In this series, we take a look at some of the most interesting young talents in the world of football. Next up is Palmeiras’ 20-year old Libertadores-winning midfielder, Danilo.

Palmeiras crowned an excellent year by becoming the first side to win back-to-back Copa Libertadores since Boca Juniors in 2001. Under the guidance of Abel Ferreira, the Sao Paulo giants demonstrated their discipline, organization and cup nous to edge Flamengo in a closely-fought final.

While Palmeiras’ success was very much built on the collective, only one player played in every game of their continental triumph, 20-year-old midfielder Danilo.

The deep-lying midfielder was a regular in the 2020 victory but once again proved himself to be an essential cog in Ferreira’s well-oiled machine and underlined why he is one of the most interesting prospects in the country.

In Palmeiras’ tight, compact defensive shape, Danilo always ensures that he gets back to help out his defense and squeeze the space between the lines. Below we can see an example of his defensive positioning, getting back to cut out a dangerous ball in a threatening area.

He is also more than comfortable dropping in between the center halves to ensure there is numerical superiority, both in defensive situations and when playing out from the back.

Seeing the overload on the left, Danilo drops in-between in the center-backs, tracking the run of Bruno Henrique and making a crucial tackle in the box to snuff out the danger.
Again we see Danilo positioned between the center-backs. He anticipates the pass into the striker and reacts quickest to step out of defense and intercept.
Not content with merely winning the ball, Danilo strides forward to get Palmeiras on the attack.

On top of Danilo’s reading of the game and positional awareness, he also possesses a wiry strength and a real battling spirit – no doubt honed by playing alongside teammate Felipe Melo – which allows him to compete in all defensive aspects of the game.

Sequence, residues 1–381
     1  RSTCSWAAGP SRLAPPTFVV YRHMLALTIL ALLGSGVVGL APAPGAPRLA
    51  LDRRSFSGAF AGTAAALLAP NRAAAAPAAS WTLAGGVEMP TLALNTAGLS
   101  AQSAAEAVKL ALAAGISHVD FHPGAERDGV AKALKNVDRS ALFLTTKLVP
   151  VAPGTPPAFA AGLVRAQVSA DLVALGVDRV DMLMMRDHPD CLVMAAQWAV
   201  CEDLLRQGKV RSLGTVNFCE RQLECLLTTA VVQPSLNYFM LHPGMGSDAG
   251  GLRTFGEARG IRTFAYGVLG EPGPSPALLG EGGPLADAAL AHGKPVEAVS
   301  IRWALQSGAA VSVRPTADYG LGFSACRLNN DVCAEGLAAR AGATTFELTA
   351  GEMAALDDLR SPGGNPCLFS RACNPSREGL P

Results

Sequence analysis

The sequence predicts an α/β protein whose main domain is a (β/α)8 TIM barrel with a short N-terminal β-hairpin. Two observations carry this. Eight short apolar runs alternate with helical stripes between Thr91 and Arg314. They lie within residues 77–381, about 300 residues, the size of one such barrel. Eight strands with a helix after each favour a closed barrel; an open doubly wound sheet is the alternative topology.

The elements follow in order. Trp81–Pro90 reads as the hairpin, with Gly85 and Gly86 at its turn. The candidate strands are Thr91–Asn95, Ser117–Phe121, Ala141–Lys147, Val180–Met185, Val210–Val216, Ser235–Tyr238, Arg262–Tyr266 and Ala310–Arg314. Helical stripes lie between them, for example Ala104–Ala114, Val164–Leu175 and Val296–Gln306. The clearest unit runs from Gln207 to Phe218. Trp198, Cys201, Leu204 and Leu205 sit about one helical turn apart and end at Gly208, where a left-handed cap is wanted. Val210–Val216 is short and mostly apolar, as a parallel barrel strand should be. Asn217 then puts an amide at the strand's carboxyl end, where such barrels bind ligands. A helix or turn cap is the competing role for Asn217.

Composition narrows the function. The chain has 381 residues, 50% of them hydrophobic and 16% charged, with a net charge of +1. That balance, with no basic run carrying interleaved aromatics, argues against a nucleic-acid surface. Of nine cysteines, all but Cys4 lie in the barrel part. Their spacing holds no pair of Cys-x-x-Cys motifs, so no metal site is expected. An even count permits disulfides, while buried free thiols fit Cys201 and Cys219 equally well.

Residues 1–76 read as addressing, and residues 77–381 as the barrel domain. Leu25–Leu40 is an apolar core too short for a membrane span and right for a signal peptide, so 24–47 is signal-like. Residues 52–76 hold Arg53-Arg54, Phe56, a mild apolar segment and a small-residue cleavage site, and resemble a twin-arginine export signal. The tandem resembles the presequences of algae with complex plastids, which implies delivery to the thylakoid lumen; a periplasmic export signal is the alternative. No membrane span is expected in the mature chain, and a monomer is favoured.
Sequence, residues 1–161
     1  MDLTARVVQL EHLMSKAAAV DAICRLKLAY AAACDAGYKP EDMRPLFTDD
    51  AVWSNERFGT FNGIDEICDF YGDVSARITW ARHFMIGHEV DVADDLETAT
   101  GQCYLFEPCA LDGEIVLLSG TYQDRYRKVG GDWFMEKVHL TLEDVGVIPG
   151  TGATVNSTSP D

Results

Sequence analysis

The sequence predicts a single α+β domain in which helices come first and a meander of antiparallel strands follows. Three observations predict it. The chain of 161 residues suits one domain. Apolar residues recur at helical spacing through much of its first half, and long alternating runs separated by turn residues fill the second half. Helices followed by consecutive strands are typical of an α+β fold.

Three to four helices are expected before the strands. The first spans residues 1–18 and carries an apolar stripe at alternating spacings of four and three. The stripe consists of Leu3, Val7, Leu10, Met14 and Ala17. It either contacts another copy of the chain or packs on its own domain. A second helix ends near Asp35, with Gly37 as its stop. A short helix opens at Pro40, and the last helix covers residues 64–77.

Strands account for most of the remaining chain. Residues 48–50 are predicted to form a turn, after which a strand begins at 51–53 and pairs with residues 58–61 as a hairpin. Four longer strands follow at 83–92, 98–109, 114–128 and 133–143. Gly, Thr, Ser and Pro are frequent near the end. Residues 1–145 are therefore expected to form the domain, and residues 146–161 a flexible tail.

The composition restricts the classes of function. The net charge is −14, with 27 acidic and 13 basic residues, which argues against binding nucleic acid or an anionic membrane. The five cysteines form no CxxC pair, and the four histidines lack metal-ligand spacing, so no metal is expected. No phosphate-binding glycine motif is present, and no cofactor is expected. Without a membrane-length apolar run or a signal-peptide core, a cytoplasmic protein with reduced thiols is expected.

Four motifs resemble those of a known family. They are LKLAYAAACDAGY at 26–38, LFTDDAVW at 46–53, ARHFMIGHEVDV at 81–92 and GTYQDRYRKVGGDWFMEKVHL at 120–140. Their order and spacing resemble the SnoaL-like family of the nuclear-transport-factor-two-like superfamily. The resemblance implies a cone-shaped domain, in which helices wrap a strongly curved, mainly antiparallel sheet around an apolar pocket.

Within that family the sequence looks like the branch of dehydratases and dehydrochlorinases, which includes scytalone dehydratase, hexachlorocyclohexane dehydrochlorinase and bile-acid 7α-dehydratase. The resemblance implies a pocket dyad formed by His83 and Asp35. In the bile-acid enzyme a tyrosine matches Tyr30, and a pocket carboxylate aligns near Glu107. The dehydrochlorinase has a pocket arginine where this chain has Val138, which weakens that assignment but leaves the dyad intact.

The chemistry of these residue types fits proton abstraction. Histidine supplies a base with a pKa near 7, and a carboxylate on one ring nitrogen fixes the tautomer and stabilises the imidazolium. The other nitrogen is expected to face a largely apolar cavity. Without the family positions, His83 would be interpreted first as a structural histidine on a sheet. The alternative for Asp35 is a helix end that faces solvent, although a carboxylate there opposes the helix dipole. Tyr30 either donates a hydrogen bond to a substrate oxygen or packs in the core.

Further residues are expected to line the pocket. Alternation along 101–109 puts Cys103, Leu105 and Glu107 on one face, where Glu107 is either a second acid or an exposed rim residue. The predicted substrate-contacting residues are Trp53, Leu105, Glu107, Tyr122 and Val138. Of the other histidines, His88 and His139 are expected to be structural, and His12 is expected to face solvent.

His stats show that although he is not purely a midfield destroyer, he nevertheless makes his fair share of interceptions (4.19 per 90), recoveries (6.71 per 90) and defensive duels (7.44 per 90).

While Danilo has the tactical intelligence and discipline to operate as a more traditional defensive midfielder, his energy, work rate and dynamism mean that he is equally adept at playing more of a shuttling box-to-box role too.

Though Danilo makes very few dribbles, his athleticism means he can surge forward powerfully, breaking the lines and getting his team moving forward.

Danilo wins the ball in the middle of the park and bursts past another man.
Danilo’s forward run breaks the lines and sets up a 3v2 situation which ends with an assist for the opener.

Danilo’s energy also means that without the ball he is extremely effective when pressing. This was evident in the Libertadores final against Flamengo when Danilo was tasked with pressing Andreas Pereira whenever he got on the ball, allowing Palmeiras to dominate the center of the park and continually force Flamengo backward or out wide.

Another factor that makes Danilo more of a mixed midfielder is his underrating passing ability. Not only does Danilo recycle possession well and boast high pass accuracy, with an average pass completion of 88.67% in the league last year, but he also has a great range of distribution.

Danilo’s ability to spray raking cross-field balls from his cultured left boot or to launch a counter-attack with a long ball from deep has been a key element of Palmeiras’ direct style.

Palmeiras play the ball back to Danilo, who is in a pocket of space in front of the defense. He looks up and whips a lovely ball in behind the defense for the left winger to run on to.
The ball is inch-perfect and has the Flamengo defense scrambling back, whilst also showing how quickly Palmeiras can create a goalscoring opening from nothing.
The example above again shows Danilo’s long-range passing ability. Having won the ball back in their half, Danilo sends a curling left-footed pass down the flank to set off a Palmeiras counter-attack.
The ball swings in from the left-hand channel and gets in behind the Delfin defense, allowing Gabriel Veron to sprint through and loft the ball over the keeper’s head.

Brazil has specialized in creating formidable defensive midfielders over the years, with Casemiro and Fabinho two of the best in their position in the world right now, but have struggled to produce as many players who can link defense to their world-class attack.

Danilo may be more of a hard-working shuttler than an elegant link man like Arthur or Lucas Paqueta but the parallels in style between the disciplined approaches of Palmeiras and Tite’s Brazil means that surely he must be on the radar of the national team boss.

A back-to-back Libertadores champion before his 21st birthday and with all the physical, mental and technical straits of a modern midfielder, there will be plenty of Europe’s elite taking notice too.

Start your Wyscout free trial now.
Follow Golazo on Twitter.